Reps. Frank, Waxman square off over new consumer agency

Democratic Reps. Henry Waxman and Barney Frank, powerful committee chairmen, are clashing over a bill that creates a consumer financial protection agency.

Waxman, chairman of the House Energy and Commerce Committee, wants the agency to be led by a five-member bipartisan commission. Frank, chairman of the House Financial Services Commission, strongly backs an agency with a single director at the helm.

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Having a commission with members appointed to staggered terms would make it less likely that the agency would be led by appointees from the same party. Creating an agency with a single director could give more power to the administration in office.

The debate of the leadership structure is central to the power and scope of the new Consumer Financial Protection Agency (CFPA), which would have regulatory responsibility over home loans, credit cards, and payday loans, among other financial products. The agency is one of the central planks of President Barack Obama’s effort to overhaul the financial regulatory system.

The Energy and Commerce Committee on Thursday will mark up the legislation, which was reported out of Frank’s committee last week after five days of debate.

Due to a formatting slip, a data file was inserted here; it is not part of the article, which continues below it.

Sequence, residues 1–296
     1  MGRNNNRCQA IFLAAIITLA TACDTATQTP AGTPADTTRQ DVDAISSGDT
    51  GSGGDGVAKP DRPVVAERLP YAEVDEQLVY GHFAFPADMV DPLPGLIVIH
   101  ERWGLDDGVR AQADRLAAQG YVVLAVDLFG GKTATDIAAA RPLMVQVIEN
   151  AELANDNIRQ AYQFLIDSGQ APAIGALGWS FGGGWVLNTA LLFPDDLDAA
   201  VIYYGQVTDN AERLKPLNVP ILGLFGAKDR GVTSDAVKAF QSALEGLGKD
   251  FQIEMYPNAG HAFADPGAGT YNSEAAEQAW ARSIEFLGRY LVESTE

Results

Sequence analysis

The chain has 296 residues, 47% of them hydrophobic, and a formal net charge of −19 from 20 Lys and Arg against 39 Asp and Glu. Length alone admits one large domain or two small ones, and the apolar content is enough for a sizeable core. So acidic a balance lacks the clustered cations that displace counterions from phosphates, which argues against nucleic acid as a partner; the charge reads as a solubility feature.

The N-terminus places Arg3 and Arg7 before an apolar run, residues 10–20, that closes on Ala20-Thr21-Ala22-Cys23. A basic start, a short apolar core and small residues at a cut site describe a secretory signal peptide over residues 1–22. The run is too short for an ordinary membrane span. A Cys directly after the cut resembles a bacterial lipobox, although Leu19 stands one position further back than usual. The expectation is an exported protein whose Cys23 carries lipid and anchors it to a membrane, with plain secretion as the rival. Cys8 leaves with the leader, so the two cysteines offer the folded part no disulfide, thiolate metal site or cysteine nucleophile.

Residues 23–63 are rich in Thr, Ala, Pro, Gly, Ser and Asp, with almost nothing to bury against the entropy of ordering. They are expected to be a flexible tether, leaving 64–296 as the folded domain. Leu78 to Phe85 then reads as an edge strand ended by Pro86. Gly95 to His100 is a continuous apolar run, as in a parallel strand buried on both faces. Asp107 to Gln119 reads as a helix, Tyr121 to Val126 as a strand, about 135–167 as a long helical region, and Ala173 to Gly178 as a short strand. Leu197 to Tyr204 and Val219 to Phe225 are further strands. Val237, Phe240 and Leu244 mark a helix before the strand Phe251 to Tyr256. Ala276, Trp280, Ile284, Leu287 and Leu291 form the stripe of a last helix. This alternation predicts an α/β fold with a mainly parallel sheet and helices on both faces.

Waxman and ranking member Rep. Joe Barton (Texas) are working on an amendment to the financial services bill that would set up a five-member bipartisan commission with members appointed by the president and confirmed by the Senate, according to a Democratic memo ahead of the markup. Commission members would hold staggered terms of five years.

Waxman and other committee Democrats said they were in support of the new agency but want it to be similar to other agencies that have commissioners, not directors.

“This needs to be an independent agency not an extension of any given administration,” a Democratic committee aide said on Wednesday.

Steve Adamske, spokesman for Frank, slammed the amendment.

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“We do not like that at all. We want there to be a single independent regulator much like what the banking regulators already are,” Adamske said. “We need a director who is able to come with a position of strength who can go toe-to-toe with the banking regulators.”

The Energy & Commerce Committee is marking up the bill because it has jurisdiction over the Federal Trade Commission (FTC). The bill would shift significant powers and staff from the trade commission to the new agency.

The financial industry and Republicans strongly oppose the new agency.